With an election just around the corner, watch for Trudeau, Mulcair and Harper to all put meat on the bone. For Harper though, he must also win back the confidence of the electorate, which may be a very tall order indeed.


John Capobianco:

Marit, the challenge the NDP has is that Canadians do not have confidence that your party has any idea on how to deal with the economy. Quite frankly, I am not sure that the Ontario NDP leader helped during the last Ontario election campaign, and she likely exasperated many voters further.

Mr. Mulcair has yet to really spell out what he and his party want to do with the economy other than vote against every economic measure this government has proposed — which helped get Canada and Canadians through the great recession.

I get that — he is far better at fighting this PM and the Conservatives on international issues which speak to his base in Quebec and makes him look like a statesman — and it also seems to be working as his numbers continue to climb whilst Mr. Trudeau's decline.

As for Mr. Trudeau, sorry Bernie, there is NO excuse for your leader not to have an economic plan or even some suggestions since he has been leader for well over a year and we are just months from an election.

It’s not good enough just to criticize and not have ideas or a plan. Canadians deserve to know, especially as our economy remains fragile.

This election will be about safety/dealing with internal and external national security issues and the economy — and in both cases the only leader who has a track record and a plan for the future is PM Stephen Harper.


Marit Stiles:

Well since we're listing our commitments to the economy, I refer you to Mr. Mulcair's plan to trigger manufacturing investment by extending for an additional two years the accelerated capital cost allowance, scheduled to expire later this year.

Mr. Mulcair will also boost innovation, research, and development by introducing a new Innovation Tax Credit to encourage manufacturers and businesses in other industries to invest in machinery, equipment and property to further innovation and increase productivity.

Mr. Mulcair is the only leader who has effectively challenged the direction that this government has taken and their absolute and utter mismanagement of the resource and manufacturing sectors.

He had the guts to call it what it was: Dutch Disease. And the response he got back from the Conservative government was to heckle and snicker and accuse him of calling the industry "diseased".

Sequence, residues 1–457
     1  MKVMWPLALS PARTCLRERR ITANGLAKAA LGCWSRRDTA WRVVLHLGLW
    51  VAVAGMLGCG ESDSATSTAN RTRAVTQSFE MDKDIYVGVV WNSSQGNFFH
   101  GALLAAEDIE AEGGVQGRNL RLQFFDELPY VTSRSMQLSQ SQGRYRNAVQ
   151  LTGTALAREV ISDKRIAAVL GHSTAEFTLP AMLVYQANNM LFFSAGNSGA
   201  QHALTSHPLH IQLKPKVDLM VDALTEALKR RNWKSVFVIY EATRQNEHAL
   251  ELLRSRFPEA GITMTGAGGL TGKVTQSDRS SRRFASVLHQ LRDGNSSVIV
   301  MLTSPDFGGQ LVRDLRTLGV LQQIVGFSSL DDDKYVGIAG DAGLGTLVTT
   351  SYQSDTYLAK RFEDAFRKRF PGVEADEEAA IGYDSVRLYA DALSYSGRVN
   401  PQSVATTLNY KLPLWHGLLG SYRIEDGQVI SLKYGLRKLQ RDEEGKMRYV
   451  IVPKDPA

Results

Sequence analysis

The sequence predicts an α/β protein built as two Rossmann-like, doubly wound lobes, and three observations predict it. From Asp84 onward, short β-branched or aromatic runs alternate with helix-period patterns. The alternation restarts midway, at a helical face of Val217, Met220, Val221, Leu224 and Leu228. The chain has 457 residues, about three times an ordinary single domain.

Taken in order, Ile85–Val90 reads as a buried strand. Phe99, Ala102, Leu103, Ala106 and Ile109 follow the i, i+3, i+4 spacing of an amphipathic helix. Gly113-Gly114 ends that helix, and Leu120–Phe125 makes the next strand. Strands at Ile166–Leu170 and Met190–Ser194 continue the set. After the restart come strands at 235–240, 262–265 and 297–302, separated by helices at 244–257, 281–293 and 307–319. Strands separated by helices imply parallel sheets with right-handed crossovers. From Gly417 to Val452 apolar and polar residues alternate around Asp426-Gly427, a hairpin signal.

As we get closer to election time, Canadians will be turning their attention, increasingly, to the big questions and concerns that they face. They'll be looking for strong leadership, and a leader with the guts to make the tough calls and the smarts to make the good calls. I wouldn't count Mr. Mulcair out just yet. 

About The Salon

John Capobianco is a former CPC candidate and long-time party activist in both the federal and Ontario Conservative parties; Marit Stiles is a federal and Ontario NDP strategist; Bernie Farber is a former Ontario Liberal candidate and one of Canada's leading human rights experts.
Posted date : April 15, 2015

View all of The Salon's columns NEWSROOM
Does Justin Trudeau's attendance in Davos for the World Economic Forum really benefit Canada? Mahoney, Stewart and Parkin weigh in.
January 23, 2018
A recent poll shows Patrick Brown's PCs in a virtual tie with Kathleen Wynne's Liberals for voter support. Are we headed for a minority government?
January 21, 2018
The latest Forum poll shows little change, but trends over the last 18 months say a lot. They may mean a big opening for the Andrea Howath.
January 17, 2018
A new poll says only 37% of Canadians approve of the job the Trudeau Liberals are doing. We asked Richard Mahoney, Will Stewart and Tom Parkin what the numbers really mean.
January 16, 2018
As the Tim Horton's brand takes a national pounding after a franchise counters the minimum wage hike by taking away benefits, labour may become an election issue.
January 15, 2018
Will CPC Leader Scheer's move to kick Beyak out of the CPC caucus hurt him with some supporters? Mahoney, Stewart and Parkin weigh in.
January 09, 2018
Voter participation has been declining in the 21st century. Are Ontario voters interested enough in the upcoming election to vote?
January 07, 2018
What will 2018 bring for each of the three federal parties and their leaders in 2018? We asked Richard Mahoney, Will Stewart and Tom Parkin.
January 02, 2018
A new $15 minimum wage has gotten most of the attention, but there are other significant changes in Ontario's new labour legislation.
December 20, 2017
An Ontario judge has ruled "administrative segregation" should be limited to 5 days only. Mahoney, Stewart and Parkin debate banning it altogether.
December 19, 2017
Is the centre-left getting crowded? The PC's, Liberals and NDP all seem to be targeting voters there. Which will win them?
December 13, 2017
The Liberals won three of four by-elections this week, including a seat in an area they haven't taken since 1949. What do the results mean? Mahoney, Stewart and Parkin debate.
December 12, 2017